We should call it the summer of Helsinki: that time after Donald Trump and Vladimir Putin met in secret in Finland’s capital to express commitment to work together on many as yet undisclosed initiatives. Their cabal was hidden in plain sight in an outrageous press conference where Trump expressed preference for Putin’s denial of Russian interference with the 2016 U.S. presidential election. As evidence piles up that the Russians interfered in the election in a wide variety of ways including colluding with the Trump campaign, more and more people across the political spectrum in the U.S. are ironically expressing actual disdain for this issue as something needing urgent attention.
On the right, Trump supporters seem to be getting tutored by Trump and his minions that colluding with Russia to steal the election is not really bad, if it meant preventing the awful Hillary Clinton from becoming president. What’s a little undermining of democracy if it allows our tribe to win out over our enemies in the culture war!
On the left, however, there is also a movement to minimize the issue. There is a growing drumbeat to minimize concern about Russian meddling on the grounds that the U.S. interferes in other countries’ elections all the time. It is simply duplicitous for Americans to cry foul when our government has been guilty of doing the very same thing, for decades no less.
It seems more and more that people across the political continuum are responding to the scandal of Russian involvement in our elections with that sad slogan that was spotted on Melania Trump’s jacket when she went to visit children who have been ripped away from their parents at the border when seeking asylum: I Don’t Really Care, Do You?
Trump’s base of supporters don’t care about democracy anymore it seems because it is increasingly seen as something that allows nonwhites to have a say in a normally white-dominated political system. All you have to do is look at all the efforts to suppress the votes of nonwhites ever since Barack Obama became the first nonwhite president in the history of the country. Republicans have made it a big business to pass restriction after restriction in state after state since Obama got elected in 2008.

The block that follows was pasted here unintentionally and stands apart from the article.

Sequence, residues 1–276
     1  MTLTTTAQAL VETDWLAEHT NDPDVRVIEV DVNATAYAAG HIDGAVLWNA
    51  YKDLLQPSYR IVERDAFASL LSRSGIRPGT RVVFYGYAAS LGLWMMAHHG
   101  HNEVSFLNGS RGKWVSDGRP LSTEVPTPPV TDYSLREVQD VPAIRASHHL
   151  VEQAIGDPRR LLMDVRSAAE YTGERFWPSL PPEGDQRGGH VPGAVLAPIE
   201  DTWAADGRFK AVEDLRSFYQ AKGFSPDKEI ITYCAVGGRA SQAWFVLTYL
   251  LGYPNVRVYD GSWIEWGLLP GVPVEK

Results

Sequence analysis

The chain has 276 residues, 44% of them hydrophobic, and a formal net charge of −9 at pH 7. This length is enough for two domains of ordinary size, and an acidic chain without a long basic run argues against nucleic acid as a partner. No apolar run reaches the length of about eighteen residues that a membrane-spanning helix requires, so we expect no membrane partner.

Those on the left who seek to minimize Russian meddling are not interested in suppressing the votes of nonwhites. They however do not seem all that enthusiastic in their support of promoting democratic elections either. This is true for several reasons. First, many Leftists see democracy itself as a distraction from the larger issue of realizing social justice. The means to that larger end are really just an instrumental concern and democracy does not have intrinsic value in that regard. In fact, the preoccupation with democratic procedures can be distracting and derail efforts to achieve social justice if people only focus on getting the process right and forget about the larger goal of creating a just society.
Second, there are Leftists who want to minimize the scandal of Russian undermining of the election because it is in their mind simple karma: what goes around, comes around, and the U.S. is now getting a taste of its own medicine. Maybe it will learn to behave more appropriately on the world stage.